Garrett Burkett, 13 years old, captured the title of Champion Junior Showman yesterday morning in the Junior Breeding Sheep Show at the National Western Stock Show. Burkett is from Evansville, Wyoming and has been showing sheep for six years. This was Burkett’s third time competing here at the NWSS.
“The National Western is a great show,” Burkett said. “It’s a laid back, really fun show.”
Burkett has enjoyed the NWSS each time he’s been here, but this year was a little sweeter. The past two years he's shown here he’s been named Reserve Champion Junior Showman. The third time must have been the charm as he accomplished his goal of taking home the grand champion banner.
“It’s an exciting feeling knowing all of my hard work paid off,” Burkett said.
His success for the day wasn’t finished there though. Burkett’s ewe lamb also garnered the title of Supreme Champion Ewe.
Back in Wyoming, Burkett’s family owns Triple G Livestock. His favorite part of showing sheep is getting to see them as babies and watching them mature to the final product. Based on his success at the NWSS, it’s evident both Garrett and his sheep have a bright future ahead of them.
On the 15th day of the National Western Stock Show, the yards were emptying out, the trade show was winding down and most of the cattle had been shown. However, the prospect steers were awaiting their time to set foot on “the Hill.”
Cash Pratt, a fourth grader from Pueblo, Colorado, has an entire show career ahead of him. As he and his steer, appropriately named "Panda," entered Stadium Arena today, he was thrilled to show in such a historic place.
“My favorite part about the National Western is the excitement,” Pratt said.
Pratt went on to win his class and the heaviest weight division. To wrap up the last of the cattle on “the Hill” for 2020, judge Shane Meier named “Panda” the Grand Champion Prospect Steer.
As tears of joy filled his parents eyes after a big win, it was safe to say both Pratt and “Panda” have a bright future in the show cattle industry.
The National Western Stock Show is known for its high-caliber livestock and western heritage. As you walk through the yards during the last few days of the of the stock show, you’ll notice the abandoned stalls where the cattle once were, until you arrive at alley 1400.
Here you will find the beasts who once roamed the plains, and their owners who are proud to continue the tradition of raising bison. The National Bison Association is celebrating its 25th anniversary of exhibiting stock at the NWSS in the stockyards, however, this is the 40th year for the NBA Gold Trophy Sale.
Communications director for the NBA, Karen Conley, has been involved with the bison industry for more than 25 years.
“The Gold Trophy is the pinnacle of what a bison producer wants to be,” Conley said. “The more bison you bring, the better your chances will be.”
Conley is not the only individual who fell in love with the industry.
The Thieman family has raised three generations of bison fanatics who have brought bison to NWSS for several years. Colorado natives Roy and Deb Thieman, owners of Prayridge Buffalo Ranch, have raised their family in the industry for more than 20 years. Their daughter, Carrie Bennett, has continued the tradition with her two sons.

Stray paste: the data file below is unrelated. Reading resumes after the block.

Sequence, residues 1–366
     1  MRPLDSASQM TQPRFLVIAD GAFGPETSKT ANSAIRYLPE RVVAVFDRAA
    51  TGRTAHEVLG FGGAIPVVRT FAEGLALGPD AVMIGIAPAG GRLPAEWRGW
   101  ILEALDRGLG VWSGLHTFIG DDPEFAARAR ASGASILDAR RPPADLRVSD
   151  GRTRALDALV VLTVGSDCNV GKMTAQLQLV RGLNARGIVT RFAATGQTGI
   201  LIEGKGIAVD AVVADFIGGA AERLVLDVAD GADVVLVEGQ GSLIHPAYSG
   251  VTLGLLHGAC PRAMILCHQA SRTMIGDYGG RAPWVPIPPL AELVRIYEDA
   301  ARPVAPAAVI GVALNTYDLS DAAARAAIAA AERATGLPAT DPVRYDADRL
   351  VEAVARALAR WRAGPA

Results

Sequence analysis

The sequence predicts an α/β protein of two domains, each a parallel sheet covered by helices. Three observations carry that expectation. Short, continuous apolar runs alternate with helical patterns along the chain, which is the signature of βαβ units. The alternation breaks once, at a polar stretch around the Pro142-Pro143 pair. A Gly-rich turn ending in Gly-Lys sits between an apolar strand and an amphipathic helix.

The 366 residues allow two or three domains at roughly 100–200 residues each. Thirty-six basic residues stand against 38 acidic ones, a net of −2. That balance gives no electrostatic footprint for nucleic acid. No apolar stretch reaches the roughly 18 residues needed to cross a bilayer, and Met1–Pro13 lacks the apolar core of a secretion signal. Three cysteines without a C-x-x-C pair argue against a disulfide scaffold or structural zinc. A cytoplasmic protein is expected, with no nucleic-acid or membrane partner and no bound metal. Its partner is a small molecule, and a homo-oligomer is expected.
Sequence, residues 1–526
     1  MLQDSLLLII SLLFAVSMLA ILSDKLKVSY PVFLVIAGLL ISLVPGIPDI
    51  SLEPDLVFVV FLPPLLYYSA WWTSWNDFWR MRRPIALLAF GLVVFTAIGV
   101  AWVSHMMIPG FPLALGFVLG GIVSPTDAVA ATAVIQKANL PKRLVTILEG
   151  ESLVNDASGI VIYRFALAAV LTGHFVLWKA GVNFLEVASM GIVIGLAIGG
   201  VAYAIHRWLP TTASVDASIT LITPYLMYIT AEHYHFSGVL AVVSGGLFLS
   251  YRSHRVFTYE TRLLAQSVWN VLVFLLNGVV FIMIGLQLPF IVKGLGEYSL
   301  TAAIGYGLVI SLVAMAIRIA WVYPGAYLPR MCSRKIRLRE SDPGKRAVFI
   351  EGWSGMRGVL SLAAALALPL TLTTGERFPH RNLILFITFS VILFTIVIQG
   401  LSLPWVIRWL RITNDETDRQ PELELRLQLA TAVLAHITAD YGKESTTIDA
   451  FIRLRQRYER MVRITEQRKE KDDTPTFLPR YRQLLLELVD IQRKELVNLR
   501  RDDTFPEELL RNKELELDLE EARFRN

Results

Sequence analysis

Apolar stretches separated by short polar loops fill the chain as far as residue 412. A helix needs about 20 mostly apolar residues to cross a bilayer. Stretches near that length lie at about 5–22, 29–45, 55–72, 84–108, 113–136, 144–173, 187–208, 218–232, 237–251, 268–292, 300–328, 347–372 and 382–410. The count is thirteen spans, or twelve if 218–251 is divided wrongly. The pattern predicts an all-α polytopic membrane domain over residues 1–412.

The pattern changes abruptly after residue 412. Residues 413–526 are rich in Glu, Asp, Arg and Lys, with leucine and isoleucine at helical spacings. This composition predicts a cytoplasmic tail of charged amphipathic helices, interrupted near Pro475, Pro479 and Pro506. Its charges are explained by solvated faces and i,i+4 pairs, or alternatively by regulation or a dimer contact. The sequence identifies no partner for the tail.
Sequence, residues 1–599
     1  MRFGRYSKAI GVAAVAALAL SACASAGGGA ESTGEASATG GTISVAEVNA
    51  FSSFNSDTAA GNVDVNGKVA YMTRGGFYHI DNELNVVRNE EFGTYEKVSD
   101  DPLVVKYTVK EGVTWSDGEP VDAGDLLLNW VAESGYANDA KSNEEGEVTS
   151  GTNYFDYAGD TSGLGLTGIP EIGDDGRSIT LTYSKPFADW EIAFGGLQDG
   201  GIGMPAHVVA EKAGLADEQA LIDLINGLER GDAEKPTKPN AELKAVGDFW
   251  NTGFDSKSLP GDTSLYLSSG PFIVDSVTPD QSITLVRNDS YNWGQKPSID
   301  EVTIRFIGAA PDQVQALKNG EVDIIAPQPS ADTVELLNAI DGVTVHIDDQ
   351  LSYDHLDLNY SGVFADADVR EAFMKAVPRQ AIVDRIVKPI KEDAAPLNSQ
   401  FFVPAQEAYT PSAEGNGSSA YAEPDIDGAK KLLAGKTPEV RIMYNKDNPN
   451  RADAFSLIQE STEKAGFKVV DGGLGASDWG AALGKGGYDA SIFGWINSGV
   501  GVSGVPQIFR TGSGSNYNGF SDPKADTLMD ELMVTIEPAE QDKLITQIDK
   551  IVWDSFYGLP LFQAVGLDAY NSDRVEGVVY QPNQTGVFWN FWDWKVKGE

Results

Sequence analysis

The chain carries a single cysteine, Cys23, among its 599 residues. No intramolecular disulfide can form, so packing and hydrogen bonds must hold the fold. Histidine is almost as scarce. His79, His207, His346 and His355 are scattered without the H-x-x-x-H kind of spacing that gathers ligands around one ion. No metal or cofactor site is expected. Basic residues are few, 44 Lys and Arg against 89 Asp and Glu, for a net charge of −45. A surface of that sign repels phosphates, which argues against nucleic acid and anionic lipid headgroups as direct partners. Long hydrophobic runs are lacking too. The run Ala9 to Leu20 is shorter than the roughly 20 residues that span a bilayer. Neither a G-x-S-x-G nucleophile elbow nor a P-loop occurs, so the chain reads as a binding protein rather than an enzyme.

“I feel sure one of my sons will come back to the ranch to continue the tradition,” Bennett said.
The hidden gem of the NWSS Stockyards in alley 1400 holds a place in several family’s hearts. The NBA members feel honored to continue the western heritage of raising and showing bison.
For more information about the association, visit www.bisoncentral.com.
The Wicks family of Hubbard, Iowa, is no stranger to the Miniature Hereford ring. The family has been raising Miniature Herefords for several years, but they don’t let their commitment to the breed stay in the barn.
Since 2015, Terry, Tammy and Kelli have been attending the National Western Stock Show and helping with the Miniature Hereford show. The family’s involvement began with Tammy; she serves as the Miniature Hereford Queen Coordinator and is in charge of all things royalty.
Terry and Kelli were quick to follow suit. They both help in the ring at the NWSS. For the Wicks family, helping out at the show just made sense.
“It’s always been a family thing for us,” Kelli said. “It’s easy for us to help and continue volunteering for a breed we’re all passionate about.”
The NWSS thrives off of its volunteers. It’s families like the Wicks family who make the shows here a continued success.
As you walk around the bison pens in the yards, you notice the rich heritage that has brought the species where it is today. From the hulking bison bulls to the majestic coloring each of the bison have, it paints a picturesque scene at the National Western Stockyards.
Speaking of painting, Denver native Susan Bell can be found painting on a canvas capturing the bison by each of the stalls.
“I have always loved animals,” Bell said. “You can get great information for your paintings here that you can’t any other way.”
Bell has been attending the National Western since she was a young girl, and she has been painting at the yards for more than 15 years. On average, she paints two to three paintings per day – each painting is done within an hour.
Bell decided to paint at the yards to capture the colors and beauty of the livestock.
“In the world of art, you have to specialize, which I think is really boring,” Bell said. “I thought I could become a western painter so I could paint both animals and landscapes.”
Bell does a great job of capturing the bison through her captivating art and feels privileged to share her work with other animal lovers.
To learn more about Bell’s paintings, visit www.susanbellfineart.com.